NASA’s Hubble Space Telescope has captured a stunning view of Comet Siding Spring as it made a close flyby of Mars, showing just how close the comet came to the Red Planet.
The photo is actually a composite of images combined to show the distance between the two celestial bodies during their close encounter. Comet Siding Spring made its closest approach to Mars on Oct. 19 at 2:28 p.m. EDT at a distance of approximately 87,000 miles, less than half the distance between Earth and the moon. [WATCH REPLAY: Webcast Of Comet Siding Spring's Flyby Of Mars]
The image of the comet is a composite of exposures taken by Hubble between Oct. 18, 8:06 a.m. and Oct. 19, 11:17 p.m. The space telescope captured a separate image of Mars at 10:37 p.m. on Oct. 18, which was then combined with the image of the comet. The stars in the background were created based on data from ground-based telescopes provided by the Palomar Digital Sky Survey.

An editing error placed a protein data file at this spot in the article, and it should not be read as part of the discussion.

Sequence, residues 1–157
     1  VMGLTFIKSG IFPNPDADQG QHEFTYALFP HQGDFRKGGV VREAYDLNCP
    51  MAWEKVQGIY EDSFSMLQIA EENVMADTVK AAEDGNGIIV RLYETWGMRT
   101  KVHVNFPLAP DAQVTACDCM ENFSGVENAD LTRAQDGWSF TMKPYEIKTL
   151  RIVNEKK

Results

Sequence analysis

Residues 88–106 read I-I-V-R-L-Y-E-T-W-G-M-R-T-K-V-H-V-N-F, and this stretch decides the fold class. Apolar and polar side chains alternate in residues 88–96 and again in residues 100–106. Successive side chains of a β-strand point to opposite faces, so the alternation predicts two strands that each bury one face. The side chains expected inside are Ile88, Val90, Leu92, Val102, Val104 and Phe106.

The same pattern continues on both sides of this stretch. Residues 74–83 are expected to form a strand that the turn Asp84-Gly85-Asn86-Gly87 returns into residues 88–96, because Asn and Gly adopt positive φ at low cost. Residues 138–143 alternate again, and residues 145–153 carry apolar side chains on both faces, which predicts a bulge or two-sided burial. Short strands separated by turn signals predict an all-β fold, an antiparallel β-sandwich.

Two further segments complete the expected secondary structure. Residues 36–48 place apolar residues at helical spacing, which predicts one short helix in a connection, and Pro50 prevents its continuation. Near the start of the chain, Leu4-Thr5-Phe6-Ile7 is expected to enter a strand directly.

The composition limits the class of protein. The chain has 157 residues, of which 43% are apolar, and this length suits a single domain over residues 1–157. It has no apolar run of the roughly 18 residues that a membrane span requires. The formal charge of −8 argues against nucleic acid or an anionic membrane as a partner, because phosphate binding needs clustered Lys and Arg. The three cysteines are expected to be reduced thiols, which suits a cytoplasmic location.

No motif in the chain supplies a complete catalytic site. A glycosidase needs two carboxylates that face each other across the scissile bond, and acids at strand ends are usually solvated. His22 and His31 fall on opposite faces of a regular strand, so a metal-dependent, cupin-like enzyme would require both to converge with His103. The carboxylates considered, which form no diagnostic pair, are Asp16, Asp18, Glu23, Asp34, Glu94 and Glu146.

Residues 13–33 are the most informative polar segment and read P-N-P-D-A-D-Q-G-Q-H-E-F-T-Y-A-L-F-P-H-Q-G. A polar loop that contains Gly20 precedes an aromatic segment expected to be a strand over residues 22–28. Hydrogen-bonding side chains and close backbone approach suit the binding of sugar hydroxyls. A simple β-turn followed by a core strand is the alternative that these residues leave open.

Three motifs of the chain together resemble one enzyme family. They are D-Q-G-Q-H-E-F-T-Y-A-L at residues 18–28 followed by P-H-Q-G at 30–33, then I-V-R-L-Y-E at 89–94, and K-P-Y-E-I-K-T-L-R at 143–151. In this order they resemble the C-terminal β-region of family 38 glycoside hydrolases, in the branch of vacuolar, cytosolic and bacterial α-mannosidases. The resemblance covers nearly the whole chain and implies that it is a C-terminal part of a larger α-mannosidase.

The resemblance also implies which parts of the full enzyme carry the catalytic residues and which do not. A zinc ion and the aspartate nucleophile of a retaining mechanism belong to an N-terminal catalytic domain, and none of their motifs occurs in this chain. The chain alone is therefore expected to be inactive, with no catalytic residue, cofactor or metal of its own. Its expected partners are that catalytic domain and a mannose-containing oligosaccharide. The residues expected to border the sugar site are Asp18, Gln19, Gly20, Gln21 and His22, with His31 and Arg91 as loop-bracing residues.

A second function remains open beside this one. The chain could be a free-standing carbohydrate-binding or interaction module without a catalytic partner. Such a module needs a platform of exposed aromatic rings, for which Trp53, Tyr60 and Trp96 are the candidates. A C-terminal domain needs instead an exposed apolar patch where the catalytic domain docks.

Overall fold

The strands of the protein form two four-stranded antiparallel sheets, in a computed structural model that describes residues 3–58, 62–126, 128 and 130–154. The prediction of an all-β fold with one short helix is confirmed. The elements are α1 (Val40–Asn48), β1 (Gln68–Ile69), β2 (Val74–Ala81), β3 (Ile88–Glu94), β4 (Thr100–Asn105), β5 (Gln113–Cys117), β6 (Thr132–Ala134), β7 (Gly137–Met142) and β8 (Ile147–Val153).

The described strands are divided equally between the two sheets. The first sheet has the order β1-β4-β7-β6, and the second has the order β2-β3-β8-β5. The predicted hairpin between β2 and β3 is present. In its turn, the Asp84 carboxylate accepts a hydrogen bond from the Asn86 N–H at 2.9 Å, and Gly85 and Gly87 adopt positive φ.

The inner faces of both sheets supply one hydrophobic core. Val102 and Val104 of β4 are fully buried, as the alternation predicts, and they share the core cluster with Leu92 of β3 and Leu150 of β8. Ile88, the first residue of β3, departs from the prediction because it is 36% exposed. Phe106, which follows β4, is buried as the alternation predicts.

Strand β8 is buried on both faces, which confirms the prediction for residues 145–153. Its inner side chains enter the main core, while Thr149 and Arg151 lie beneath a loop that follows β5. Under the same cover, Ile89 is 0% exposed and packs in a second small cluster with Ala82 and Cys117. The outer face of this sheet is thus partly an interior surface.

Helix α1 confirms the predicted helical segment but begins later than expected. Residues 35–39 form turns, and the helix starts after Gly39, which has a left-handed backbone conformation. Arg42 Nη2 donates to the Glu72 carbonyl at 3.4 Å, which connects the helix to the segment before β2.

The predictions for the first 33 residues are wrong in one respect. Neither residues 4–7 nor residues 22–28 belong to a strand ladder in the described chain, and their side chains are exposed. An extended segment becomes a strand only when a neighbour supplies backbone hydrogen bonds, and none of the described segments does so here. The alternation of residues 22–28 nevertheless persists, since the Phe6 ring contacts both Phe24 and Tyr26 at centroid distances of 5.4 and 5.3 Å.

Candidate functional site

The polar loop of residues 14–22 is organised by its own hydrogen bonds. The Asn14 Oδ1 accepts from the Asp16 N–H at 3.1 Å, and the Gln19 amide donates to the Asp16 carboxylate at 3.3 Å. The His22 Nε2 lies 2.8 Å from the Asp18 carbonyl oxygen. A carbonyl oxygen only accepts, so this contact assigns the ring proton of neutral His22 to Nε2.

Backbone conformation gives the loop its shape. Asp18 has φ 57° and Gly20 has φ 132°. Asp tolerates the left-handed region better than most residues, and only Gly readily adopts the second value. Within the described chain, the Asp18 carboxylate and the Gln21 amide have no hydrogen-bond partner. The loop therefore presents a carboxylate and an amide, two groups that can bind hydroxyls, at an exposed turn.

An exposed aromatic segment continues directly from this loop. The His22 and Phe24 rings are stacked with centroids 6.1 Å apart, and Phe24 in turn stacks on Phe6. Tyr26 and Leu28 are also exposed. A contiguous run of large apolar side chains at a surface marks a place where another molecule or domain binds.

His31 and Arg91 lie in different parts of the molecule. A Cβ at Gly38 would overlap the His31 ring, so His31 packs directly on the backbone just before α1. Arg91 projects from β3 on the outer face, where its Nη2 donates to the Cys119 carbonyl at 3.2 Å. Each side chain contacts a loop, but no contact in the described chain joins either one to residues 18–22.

Mars and the comet could not be imaged at the same time by the telescope because the Red Planet is approximately 10,000 brighter than Comet Siding Spring. The two bodies were also both moving, meaning they could not be captured within the same exposure without one suffering from motion blur.